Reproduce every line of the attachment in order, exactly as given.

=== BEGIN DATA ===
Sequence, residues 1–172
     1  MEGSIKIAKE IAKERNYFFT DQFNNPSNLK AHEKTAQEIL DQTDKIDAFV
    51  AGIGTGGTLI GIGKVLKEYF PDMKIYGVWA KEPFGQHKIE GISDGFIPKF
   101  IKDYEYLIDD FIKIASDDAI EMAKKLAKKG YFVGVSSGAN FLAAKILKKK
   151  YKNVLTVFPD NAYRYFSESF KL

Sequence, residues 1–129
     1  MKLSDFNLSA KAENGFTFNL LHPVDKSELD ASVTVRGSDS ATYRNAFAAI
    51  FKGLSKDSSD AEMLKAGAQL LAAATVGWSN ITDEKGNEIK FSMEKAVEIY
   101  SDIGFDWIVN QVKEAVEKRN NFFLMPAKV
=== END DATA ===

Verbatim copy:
Sequence, residues 1–172
     1  MEGSIKIAKE IAKERNYFFT DQFNNPSNLK AHEKTAQEIL DQTDKIDAFV
    51  AGIGTGGTLI GIGKVLKEYF PDMKIYGVWA KEPFGQHKIE GISDGFIPKF
   101  IKDYEYLIDD FIKIASDDAI EMAKKLAKKG YFVGVSSGAN FLAAKILKKK
   151  YKNVLTVFPD NAYRYFSESF KL

Sequence, residues 1–129
     1  MKLSDFNLSA KAENGFTFNL LHPVDKSELD ASVTVRGSDS ATYRNAFAAI
    51  FKGLSKDSSD AEMLKAGAQL LAAATVGWSN ITDEKGNEIK FSMEKAVEIY
   101  SDIGFDWIVN QVKEAVEKRN NFFLMPAKV